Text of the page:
And yes, San Francisco really is different, as you can see just by looking at the DataQuick price chart for the region. It amazes me that you can stare the facts in the face month over month and insist on the opposite of reality.
    Good luck on your market timing though, it might work out for you, we still don’t know.

  25. Posted by waiting2nest

    “individual renters will get no such relief as the region’s relative economic strength and desirable lifestyle draws job seekers and shrinks the vacancy rate”
    Yes, SF is indeed a desirable area and “everybody wants to live here.” However,the overall economy is starting to falter, and San Francisco is not immune.
    “Over the last two years, average asking rents have continued to rise,”
    The last two years was a completely different scenario. There was still relative properity two years ago. Things are very different today and many predict it will only get worse.
    “the (Beacon Economic) report…expects the landlords’ market to continue for now.”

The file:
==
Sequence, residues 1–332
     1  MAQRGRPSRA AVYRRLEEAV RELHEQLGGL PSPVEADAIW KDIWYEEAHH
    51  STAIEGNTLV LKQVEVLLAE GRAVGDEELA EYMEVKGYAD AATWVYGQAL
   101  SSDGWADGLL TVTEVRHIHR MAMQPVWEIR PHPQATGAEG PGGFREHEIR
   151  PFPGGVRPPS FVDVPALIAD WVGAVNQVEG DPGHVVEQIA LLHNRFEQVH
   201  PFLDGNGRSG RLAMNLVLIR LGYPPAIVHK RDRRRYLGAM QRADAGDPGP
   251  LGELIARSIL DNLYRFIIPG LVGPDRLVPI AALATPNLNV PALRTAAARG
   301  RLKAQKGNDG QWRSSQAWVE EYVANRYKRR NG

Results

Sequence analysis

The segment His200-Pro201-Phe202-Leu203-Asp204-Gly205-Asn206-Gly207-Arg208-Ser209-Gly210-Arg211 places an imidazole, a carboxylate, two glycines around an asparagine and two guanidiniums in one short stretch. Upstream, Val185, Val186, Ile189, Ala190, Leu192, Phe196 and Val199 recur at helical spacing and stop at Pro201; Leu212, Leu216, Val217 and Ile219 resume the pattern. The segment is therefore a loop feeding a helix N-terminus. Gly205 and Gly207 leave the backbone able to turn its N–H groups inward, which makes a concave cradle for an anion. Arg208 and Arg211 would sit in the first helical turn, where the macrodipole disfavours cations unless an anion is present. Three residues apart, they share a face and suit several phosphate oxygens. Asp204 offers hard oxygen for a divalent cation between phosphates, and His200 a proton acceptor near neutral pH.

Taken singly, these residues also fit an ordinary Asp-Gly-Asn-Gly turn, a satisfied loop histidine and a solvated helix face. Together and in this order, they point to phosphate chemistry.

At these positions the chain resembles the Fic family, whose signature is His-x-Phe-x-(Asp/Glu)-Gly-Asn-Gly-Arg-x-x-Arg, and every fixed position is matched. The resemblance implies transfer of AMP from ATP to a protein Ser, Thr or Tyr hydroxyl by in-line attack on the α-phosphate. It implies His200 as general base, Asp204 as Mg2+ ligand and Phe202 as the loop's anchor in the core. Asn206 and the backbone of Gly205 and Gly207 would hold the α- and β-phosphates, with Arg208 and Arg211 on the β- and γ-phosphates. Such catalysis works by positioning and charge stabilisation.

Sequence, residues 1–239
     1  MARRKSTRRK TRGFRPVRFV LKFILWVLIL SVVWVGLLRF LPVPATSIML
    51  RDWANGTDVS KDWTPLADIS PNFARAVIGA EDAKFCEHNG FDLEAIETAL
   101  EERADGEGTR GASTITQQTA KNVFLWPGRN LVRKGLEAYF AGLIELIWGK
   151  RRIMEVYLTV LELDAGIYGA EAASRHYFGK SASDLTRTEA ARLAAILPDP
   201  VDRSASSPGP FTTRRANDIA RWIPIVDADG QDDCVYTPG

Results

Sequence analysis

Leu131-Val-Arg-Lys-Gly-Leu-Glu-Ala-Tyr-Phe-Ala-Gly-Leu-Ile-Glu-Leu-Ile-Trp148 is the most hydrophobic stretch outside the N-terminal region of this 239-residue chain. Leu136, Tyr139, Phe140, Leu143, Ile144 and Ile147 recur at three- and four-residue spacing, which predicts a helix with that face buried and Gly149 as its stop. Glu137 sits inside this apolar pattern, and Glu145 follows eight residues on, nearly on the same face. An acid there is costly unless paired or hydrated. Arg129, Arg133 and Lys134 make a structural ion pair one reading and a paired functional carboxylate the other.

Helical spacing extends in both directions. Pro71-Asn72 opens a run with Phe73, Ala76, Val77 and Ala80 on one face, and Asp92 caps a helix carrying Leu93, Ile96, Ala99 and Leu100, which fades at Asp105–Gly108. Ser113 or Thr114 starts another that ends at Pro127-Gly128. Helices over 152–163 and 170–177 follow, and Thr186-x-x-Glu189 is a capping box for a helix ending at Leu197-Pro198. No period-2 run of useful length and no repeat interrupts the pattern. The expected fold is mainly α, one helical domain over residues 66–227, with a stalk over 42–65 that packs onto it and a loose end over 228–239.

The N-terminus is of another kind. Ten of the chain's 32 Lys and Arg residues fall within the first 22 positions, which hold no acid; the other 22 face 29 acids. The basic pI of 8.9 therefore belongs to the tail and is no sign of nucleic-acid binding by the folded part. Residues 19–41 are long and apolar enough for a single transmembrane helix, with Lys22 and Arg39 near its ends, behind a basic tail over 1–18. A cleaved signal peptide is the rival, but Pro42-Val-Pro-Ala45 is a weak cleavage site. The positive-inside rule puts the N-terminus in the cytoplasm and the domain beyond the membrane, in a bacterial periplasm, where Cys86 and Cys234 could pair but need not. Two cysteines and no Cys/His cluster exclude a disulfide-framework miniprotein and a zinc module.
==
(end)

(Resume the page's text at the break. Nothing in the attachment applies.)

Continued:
For NOW is the operative word here. It will be interesting to see what happens in 6 months or a year.

  26. Posted by SFS checker

    SFS –
    In this situation, SF is different in a very important way – rent control. Just as rent control softens the impact on rising rents to renters during boom times, rent control softens the impact on landlords during sluggish times because of the shortage or rental units created (among other things).
    Now, things could get different if we start running into massive inflation, but that isn’t the case yet.

  27. Posted by amused_in_SOMA

    SFS checker,
    Rent control is *already* built into rents. If there’s a shortage, then rents of available units will be higher.
    Thus, a downturn in the ability or renters to pay will affect market rate units. True, if you are making money at below market rents today, you are much better off in a downturn (just as if Ford would be in great shape today if it made money selling cars at below market rates before the recession), but we don’t care, because any buy/rent decision has to be made on today’s prices and rents.